What is Physclips?

Movie clips, animations, still photos, montages, diagrams, downloads
Introductory presentations
Supporting web pages

How to use it?
What's it for?

What is PhysClips?

Physclips is a multimedia introduction to areas of physics. Currently, it a fairly complete introduction to mechanics, waves and sound, and has some resources for other topics. For mechanics, waves and sound, it covers approximately the syllabus of an introductory university course in that discipline. Because it starts from the beginning, however, it also covers much of the material taught in high school physics courses.

Physclips works at three levels: elements, introductory presentations and supporting pages.

Movie clips, animations, still photos, montages, diagrams

We have made movie clips of some demonstrations of the sort that are typically performed in classrooms, some simple lab experiments and occasionally some more elaborate demonstrations. Usually, of course, a movie clip is inferior to a real experiment. Sometimes, however, the ability to examine it in slow motion is an advantage. In other cases, superposing vectors or other diagrams may add to the educational value of a movie clip.

Animations are often inferior to movie clips. An animation shows what the designer thought would happen. What the equations predict. A film clip shows what really did happen. Sometimes, however, animations have their advantages: we can hypothetically examine cases in which complications are omitted, or in which the financial or human cost would be great. Animations are economical in bandwidth, too.

Combinations of movie clips and animations can be useful. An animated graph or vector diagram can be useful, to draw attention to quantities that are not immediately obvious in the movie.

As well as the movie clips and animations, still photos, montages, diagrams are used here when they are appropriate. For the benefit of teachers, we have put many of these on our downloads page.

Introductory presentations

In the section on mechanics, each topic has a presentation, with voice-over. These are heavily illustrated lectures that introduce, develop and illustrate the important point. The information rate is high, and users are invited to use the 'pause' button, the scroll bar or to replay sections. Hyperlinks go to the supporting web pages for deeper and broader discussions.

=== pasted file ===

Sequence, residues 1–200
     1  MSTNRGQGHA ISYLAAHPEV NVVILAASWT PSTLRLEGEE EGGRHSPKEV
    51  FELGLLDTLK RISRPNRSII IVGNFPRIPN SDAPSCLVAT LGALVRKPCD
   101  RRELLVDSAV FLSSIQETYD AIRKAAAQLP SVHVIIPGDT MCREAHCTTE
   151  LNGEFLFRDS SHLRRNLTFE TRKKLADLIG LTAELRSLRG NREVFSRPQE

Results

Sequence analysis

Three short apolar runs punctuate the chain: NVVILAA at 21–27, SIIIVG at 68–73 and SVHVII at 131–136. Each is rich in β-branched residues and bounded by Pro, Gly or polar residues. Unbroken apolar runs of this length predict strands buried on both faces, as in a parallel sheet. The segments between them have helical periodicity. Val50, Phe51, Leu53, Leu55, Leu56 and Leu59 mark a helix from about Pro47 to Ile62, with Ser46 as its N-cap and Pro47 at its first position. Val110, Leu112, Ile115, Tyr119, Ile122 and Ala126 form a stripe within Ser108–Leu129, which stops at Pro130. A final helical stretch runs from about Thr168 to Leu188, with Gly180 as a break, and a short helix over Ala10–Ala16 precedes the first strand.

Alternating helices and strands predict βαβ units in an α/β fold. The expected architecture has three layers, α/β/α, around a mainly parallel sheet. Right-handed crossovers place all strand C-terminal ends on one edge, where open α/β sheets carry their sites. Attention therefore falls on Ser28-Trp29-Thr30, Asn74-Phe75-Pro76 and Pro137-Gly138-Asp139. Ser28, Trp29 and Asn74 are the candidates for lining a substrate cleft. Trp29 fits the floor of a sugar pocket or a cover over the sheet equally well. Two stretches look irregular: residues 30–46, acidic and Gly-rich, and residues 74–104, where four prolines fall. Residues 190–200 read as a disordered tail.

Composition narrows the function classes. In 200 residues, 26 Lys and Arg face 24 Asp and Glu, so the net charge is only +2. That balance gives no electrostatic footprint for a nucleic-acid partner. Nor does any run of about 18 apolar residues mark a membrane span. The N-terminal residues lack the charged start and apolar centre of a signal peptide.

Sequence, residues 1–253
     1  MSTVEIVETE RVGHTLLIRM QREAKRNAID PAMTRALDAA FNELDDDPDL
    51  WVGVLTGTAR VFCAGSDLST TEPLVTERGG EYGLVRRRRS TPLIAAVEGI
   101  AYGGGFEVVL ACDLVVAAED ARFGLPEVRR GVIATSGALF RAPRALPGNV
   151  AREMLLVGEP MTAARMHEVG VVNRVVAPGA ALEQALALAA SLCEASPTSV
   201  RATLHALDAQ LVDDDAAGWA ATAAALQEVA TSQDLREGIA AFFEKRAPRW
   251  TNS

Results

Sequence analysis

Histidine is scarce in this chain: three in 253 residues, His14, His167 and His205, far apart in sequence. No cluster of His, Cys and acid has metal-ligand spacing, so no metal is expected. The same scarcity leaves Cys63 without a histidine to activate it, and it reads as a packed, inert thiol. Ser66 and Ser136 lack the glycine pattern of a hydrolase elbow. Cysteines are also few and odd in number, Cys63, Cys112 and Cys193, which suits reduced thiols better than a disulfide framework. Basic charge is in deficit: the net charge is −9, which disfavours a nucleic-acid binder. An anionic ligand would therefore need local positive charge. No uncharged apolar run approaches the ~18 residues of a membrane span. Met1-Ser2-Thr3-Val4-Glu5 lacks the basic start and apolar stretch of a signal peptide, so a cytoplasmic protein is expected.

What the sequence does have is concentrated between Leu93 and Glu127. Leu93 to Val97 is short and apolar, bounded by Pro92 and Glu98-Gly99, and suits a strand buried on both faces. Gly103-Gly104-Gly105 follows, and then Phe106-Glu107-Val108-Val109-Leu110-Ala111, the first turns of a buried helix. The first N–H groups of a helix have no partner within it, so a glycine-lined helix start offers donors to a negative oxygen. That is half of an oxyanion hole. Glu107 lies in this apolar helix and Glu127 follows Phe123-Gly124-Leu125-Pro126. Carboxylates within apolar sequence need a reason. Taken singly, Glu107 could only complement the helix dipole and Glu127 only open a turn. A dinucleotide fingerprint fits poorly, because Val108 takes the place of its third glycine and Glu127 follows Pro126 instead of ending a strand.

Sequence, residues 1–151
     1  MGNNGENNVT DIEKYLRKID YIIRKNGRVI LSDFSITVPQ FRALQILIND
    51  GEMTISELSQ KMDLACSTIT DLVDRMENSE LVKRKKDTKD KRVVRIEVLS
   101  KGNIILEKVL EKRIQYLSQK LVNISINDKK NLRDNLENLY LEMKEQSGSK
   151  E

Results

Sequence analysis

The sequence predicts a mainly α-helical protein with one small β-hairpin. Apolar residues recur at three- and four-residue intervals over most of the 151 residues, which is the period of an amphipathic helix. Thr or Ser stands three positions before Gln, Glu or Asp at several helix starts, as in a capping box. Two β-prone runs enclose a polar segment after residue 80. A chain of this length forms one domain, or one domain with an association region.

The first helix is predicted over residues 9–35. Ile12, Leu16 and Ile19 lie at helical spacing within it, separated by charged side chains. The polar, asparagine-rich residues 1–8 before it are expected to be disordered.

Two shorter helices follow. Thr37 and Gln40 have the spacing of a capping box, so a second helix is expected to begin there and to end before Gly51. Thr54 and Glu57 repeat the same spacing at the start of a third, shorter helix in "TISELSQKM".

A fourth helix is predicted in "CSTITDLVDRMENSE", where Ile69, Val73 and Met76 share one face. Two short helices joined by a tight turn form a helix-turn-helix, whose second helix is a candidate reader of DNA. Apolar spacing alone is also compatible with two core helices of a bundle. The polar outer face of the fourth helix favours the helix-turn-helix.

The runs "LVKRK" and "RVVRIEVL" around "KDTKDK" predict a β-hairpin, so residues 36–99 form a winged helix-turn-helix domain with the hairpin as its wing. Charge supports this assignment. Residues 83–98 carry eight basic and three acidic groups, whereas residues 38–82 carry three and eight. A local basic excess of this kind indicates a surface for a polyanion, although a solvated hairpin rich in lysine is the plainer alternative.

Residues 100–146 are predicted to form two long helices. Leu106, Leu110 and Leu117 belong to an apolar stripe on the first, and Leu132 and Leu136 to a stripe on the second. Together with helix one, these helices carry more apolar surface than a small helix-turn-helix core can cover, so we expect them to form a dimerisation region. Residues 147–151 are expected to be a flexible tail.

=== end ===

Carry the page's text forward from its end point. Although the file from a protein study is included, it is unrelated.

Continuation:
Supporting web pages

For mechanics, waves and sound, these pages treat, in greater depth and breadth, the material in each section. They have hypertext anchors so that they can function as multimedia footnotes for the introductory presentation. They include short movie clips, animations etc, as appropriate.

Supporting pages cover a broader range than the material in the presentations. For instance, many students beginning mechanics will need introductions to calculus, vectors, graphing etc, so supporting pages on these topics are supplied. We are extending these pages as time permits.

How to use it

For students, we suggest running the introductory presentations to obtain an overview of each section. The presentations are short, but rich in information. It may be worth repeating them, or sections of them, and pausing to examine details more closely. It is often a good idea to pause when equations appear, in order to examine them more closely. Where more detailed explanation is needed or desired, there is often a hyperlink, so one can pause and pursue the link, if needed. The scroll bar may be helpful for revision and reference.

Teachers will probably go straight to the downloads, found below the splash page of each chapter, to seek potentially useful elements for your own classes

What's it for?

A huge amount of science, engineering and technology is founded upon the ideas covered here. That is why virtually all those studying in these and related disciplines undertake courses in these areas. Physclips is for such students, but we hope that it is also for those who may have a less professional interest in how the universe works. In all cases, George and Joe wish you good luck with your studies.

Written and Presented by Joe Wolfe
Multimedia by George Hatsidimitris


Creative Commons License This work is licensed under a Creative Commons License.